Some awkward situations that came up during the trip:

Simon having 4 Garruk Wildspeaker in three Limited events in a row… never taking more than two matches.

Watching 4 players argue over a pick in Team Rochester for 20 minutes.

Rochester Drafting around a Mini Keg.

Watching a player kill his planeswalker by playing a second copy.

Having to finish a draft on the stage of a Gentlemen’s Club.

Watching someone cast Fodder Launch on his own creature.

I’m looking forward to GP: Philly already!

My roommate Adam has been playing MTGO with me, and he commented how much he is learning. Adam believes that by explaining why I pick cards, and what is running through my head while I am doing it, really simplifies things. Instead of just picking cards and talking about the deck as a whole, I tend to explain the method to my madness. If it has helped him, maybe I should give it a shot. With Thanksgiving this weekend, I will have a weekend off.

Now I can spend time playing Magic!

Ironic, isn’t it?



Thanksgiving — literally taken, a time for giving thanks. This past year has been one of the (if not the) most tumultuous in my life. I’ve had some of my happiest memories this year, and some of the worst. It may be age, or wisdom, but I find myself looking back and giving thanks for everything that’s gone on this year.

Things I am thankful for:

My marriage to Kate, a wonderful, beautiful, intelligent woman who is my partner, best friend, and wife.

The ability to buy a house, one in which we’ll someday start a family. I am thankful, even though having to deal with trees that shed feet-deep piles of leaves, walnut trees that cause the lawn to become a minefield when mowed, and grass that grows so fast/thick that I wish I had it for hair.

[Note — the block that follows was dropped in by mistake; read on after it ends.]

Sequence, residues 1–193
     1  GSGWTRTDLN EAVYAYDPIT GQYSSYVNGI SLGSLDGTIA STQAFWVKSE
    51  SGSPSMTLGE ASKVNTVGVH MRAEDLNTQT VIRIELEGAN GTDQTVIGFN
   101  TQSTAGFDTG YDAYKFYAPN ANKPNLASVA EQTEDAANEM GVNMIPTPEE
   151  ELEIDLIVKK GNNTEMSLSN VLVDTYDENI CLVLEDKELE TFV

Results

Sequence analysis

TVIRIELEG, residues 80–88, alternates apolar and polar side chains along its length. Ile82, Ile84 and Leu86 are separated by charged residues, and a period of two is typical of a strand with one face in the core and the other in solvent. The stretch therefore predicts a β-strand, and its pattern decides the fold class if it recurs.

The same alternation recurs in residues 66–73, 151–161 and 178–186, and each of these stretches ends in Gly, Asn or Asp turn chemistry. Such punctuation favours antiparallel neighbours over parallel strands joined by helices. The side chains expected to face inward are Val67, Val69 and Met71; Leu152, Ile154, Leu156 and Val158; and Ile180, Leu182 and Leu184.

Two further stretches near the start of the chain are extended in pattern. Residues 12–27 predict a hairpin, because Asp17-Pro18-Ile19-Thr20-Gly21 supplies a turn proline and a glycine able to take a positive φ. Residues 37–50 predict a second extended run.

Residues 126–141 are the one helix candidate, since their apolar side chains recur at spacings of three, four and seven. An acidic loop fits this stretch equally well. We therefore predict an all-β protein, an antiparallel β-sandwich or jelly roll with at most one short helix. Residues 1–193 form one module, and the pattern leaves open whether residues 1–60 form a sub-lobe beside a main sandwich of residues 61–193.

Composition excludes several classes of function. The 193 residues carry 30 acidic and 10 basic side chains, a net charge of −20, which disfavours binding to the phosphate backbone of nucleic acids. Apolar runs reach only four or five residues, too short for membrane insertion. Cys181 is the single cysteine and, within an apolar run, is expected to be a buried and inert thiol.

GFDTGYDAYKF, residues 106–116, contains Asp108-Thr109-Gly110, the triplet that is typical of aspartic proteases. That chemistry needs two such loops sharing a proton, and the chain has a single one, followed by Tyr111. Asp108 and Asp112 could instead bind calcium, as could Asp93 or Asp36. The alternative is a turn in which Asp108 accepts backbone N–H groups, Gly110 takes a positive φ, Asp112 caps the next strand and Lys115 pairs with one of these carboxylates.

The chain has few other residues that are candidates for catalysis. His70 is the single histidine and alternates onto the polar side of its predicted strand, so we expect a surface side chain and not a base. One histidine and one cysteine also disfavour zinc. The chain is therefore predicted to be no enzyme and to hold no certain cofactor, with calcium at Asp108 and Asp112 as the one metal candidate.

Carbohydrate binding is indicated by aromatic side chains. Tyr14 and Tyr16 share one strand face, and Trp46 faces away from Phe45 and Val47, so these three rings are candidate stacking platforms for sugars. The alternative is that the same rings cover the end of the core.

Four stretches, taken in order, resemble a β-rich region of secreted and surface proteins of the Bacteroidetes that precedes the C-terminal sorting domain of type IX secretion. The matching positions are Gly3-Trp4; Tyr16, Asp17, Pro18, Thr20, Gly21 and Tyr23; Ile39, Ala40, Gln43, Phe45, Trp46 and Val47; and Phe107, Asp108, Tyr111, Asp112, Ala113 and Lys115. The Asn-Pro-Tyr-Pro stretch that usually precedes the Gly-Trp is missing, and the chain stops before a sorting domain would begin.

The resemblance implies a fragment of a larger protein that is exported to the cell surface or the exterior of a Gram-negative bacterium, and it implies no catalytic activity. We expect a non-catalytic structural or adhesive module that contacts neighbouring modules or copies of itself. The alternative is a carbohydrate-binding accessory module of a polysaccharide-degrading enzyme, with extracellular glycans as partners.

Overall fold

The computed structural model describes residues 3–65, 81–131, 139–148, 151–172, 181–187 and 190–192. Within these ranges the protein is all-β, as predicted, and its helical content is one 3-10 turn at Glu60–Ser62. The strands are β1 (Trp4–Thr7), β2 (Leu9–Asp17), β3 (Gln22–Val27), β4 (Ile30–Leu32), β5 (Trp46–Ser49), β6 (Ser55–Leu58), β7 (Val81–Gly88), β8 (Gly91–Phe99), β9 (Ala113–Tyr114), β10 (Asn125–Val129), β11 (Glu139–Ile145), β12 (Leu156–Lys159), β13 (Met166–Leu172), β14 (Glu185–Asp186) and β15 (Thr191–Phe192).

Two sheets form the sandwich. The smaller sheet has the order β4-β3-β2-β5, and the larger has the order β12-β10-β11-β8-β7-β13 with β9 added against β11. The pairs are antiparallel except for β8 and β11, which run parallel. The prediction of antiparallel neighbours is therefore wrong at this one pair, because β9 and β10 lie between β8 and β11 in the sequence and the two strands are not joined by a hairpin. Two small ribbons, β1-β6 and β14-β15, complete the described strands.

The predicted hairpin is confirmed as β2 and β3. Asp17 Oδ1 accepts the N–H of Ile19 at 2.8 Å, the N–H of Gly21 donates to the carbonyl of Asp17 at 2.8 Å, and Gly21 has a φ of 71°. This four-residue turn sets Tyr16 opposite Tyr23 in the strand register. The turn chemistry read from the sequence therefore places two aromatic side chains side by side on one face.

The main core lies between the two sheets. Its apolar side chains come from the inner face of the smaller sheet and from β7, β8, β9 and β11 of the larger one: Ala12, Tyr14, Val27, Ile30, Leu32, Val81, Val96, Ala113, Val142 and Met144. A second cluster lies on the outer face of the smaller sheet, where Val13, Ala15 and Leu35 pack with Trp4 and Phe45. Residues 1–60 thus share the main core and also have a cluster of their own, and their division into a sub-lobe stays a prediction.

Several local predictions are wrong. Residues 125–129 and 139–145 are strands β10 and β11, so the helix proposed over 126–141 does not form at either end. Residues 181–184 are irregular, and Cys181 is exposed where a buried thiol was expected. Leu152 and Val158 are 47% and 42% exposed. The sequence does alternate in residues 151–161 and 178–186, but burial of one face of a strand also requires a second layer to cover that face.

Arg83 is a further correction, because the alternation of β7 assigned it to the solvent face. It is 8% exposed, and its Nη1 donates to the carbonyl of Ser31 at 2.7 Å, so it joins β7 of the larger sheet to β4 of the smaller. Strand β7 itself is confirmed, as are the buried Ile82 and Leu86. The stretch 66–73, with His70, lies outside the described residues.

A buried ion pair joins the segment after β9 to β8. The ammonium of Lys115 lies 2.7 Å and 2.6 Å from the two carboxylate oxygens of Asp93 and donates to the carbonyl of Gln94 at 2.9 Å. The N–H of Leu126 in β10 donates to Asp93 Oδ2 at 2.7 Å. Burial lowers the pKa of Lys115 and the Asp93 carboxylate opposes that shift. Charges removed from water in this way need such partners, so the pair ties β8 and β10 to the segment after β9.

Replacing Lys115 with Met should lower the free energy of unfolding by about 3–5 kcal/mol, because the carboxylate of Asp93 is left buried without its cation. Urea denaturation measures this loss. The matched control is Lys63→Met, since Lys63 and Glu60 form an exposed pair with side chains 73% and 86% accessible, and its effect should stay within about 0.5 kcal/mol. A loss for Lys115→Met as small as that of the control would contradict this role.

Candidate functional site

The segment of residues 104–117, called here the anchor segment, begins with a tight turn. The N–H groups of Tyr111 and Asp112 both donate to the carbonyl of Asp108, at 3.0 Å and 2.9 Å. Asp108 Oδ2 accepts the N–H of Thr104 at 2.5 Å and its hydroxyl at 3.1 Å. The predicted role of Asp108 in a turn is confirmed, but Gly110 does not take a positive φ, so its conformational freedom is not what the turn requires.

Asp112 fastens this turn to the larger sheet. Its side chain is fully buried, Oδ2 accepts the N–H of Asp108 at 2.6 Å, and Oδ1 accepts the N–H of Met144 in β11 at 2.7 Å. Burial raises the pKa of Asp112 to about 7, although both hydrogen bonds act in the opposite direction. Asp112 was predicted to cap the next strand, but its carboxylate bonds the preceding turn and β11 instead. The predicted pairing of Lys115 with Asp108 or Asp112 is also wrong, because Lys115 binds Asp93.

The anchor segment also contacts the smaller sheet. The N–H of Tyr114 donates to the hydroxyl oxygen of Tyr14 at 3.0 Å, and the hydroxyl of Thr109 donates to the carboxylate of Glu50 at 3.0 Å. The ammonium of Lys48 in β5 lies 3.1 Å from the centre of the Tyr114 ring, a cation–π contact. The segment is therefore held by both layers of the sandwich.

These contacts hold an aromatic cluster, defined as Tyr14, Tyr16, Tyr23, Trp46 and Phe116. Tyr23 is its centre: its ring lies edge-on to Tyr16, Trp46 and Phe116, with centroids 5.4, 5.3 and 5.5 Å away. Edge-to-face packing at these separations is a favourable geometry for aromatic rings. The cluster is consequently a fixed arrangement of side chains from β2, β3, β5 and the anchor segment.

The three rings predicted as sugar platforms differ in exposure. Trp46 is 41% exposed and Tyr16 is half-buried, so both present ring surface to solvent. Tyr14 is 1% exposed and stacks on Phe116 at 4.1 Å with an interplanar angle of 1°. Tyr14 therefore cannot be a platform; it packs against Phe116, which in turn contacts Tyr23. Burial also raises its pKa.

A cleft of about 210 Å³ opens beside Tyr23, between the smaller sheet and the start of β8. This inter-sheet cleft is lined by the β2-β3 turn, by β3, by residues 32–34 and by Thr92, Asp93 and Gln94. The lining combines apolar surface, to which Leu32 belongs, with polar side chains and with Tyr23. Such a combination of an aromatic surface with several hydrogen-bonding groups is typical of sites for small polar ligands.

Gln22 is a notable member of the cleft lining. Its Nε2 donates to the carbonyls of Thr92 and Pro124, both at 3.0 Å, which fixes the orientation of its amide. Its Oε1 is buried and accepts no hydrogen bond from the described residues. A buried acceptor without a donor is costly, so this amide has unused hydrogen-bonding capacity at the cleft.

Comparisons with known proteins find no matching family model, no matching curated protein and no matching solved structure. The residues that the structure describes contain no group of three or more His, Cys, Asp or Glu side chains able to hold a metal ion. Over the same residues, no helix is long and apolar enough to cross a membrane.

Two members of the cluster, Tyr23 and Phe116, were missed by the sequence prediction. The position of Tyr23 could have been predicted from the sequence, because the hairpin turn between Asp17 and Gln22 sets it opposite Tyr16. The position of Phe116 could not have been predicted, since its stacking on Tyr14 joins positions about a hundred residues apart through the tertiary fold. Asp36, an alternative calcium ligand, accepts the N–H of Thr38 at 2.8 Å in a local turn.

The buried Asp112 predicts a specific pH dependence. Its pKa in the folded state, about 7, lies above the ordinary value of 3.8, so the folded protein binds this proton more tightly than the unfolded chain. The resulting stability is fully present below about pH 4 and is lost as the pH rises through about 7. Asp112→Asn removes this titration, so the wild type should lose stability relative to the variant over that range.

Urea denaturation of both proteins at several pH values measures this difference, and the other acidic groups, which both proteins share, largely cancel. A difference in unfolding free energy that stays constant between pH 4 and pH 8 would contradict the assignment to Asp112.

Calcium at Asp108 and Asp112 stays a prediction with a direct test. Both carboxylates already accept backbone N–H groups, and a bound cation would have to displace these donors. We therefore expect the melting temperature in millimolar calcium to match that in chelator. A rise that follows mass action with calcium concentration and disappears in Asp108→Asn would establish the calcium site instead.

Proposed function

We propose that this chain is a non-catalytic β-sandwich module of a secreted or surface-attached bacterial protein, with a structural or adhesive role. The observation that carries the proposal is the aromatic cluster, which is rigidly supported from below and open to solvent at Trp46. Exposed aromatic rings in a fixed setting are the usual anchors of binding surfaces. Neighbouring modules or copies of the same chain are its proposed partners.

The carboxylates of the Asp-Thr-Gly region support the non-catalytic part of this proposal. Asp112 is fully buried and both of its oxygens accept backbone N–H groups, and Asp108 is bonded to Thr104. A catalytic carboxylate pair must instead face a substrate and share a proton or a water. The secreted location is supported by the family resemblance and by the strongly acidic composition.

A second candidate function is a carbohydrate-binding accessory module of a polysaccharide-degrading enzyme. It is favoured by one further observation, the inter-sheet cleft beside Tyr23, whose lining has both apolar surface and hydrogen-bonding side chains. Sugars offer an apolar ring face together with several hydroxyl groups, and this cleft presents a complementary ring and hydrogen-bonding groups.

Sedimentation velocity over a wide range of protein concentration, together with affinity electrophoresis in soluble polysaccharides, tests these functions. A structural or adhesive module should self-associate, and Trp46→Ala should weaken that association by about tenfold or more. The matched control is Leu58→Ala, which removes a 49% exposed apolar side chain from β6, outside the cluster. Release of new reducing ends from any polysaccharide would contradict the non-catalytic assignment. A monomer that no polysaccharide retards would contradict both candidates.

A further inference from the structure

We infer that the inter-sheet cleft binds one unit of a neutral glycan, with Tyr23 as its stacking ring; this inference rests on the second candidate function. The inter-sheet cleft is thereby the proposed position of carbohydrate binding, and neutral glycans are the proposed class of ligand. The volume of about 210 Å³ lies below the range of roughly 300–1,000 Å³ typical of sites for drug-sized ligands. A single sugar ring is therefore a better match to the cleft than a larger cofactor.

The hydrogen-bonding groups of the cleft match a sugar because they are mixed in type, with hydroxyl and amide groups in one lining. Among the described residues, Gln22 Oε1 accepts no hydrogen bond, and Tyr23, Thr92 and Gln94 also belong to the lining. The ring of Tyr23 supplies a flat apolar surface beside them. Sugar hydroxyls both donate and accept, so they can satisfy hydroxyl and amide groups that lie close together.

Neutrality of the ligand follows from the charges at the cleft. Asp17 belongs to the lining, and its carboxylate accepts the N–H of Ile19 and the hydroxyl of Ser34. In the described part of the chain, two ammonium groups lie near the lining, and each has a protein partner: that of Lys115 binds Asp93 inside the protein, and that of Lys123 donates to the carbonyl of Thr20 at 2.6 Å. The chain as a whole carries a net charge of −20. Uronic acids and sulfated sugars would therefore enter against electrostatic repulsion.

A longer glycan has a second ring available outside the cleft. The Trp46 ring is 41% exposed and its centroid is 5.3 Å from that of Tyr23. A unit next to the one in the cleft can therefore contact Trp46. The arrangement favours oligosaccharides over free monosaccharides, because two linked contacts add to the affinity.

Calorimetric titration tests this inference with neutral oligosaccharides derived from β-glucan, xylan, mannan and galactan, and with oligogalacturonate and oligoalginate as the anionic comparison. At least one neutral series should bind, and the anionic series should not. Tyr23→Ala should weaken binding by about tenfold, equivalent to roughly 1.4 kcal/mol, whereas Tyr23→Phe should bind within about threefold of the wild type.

That I got to see my paternal Grandmother Sylvia before she died, and that she died peacefully in her sleep after years of being confined to bed having been paralyzed by a stroke.

For my job at StarCityGames.com, where I am able to grow as a person, and have friends around me who care enough to address my very human faults, and give me an environment to grow past them.

For my new family, the Woods, who have welcomed me into their fold with open arms. Yesterday, I’ll have finished eating a Turducken at their house. Today, I’ll be attending the wedding of Kate’s Dad, J. Thomas Woods, to his new wife Mary.

Wizards of the Coast, for having so many people who are passionate about Magic, and pour their hearts and souls into the game. It’s very easy to complain about what is right or what is wrong about Magic, but it is very easy to see just how very much so many people care about the game at Wizards, and why the game is in good hands because of them.

My friends, who have been there to share the good times, the bad times, and the lunch times. They have helped me move, taken in my cats when Kate’s allergies have gotten bad enough for hospitalization, shared lunches with me, played Magic, and gone out to karaoke more times than I can count. They are kind of a big deal.

For my readers, who have allowed me to sustain not just one, but two columns about Magic. This has been a rough year and I haven’t always had time to write this column on StarCityGames.com, but let it be known that I’ve been thinking about writing here even when I have been absent.

It’s easy to get mired down in negatives, or lost in depression. When the mind starts dwelling on negatives, all thoughts and impressions are colored darkly from a glass-half-empty point of view. I’m still working on keeping a positive outlook, and especially not sweating the small, insignificant bothers that crop up daily in life. It’s easy to tear down rather than to build, or to criticize and not create. We are all human beings, each and every one of us reading this article, and we all have our own unique dreams, fears, and hopes of happiness.

It’s been pointed out to me by somebody (who may have written the other half of this article) that it is better to be thankful for the good that is around you, and to nurture it and help it to grow, than to point out every little fault, foible, or problem around you. It is good advice, and I am thankful that to have received it.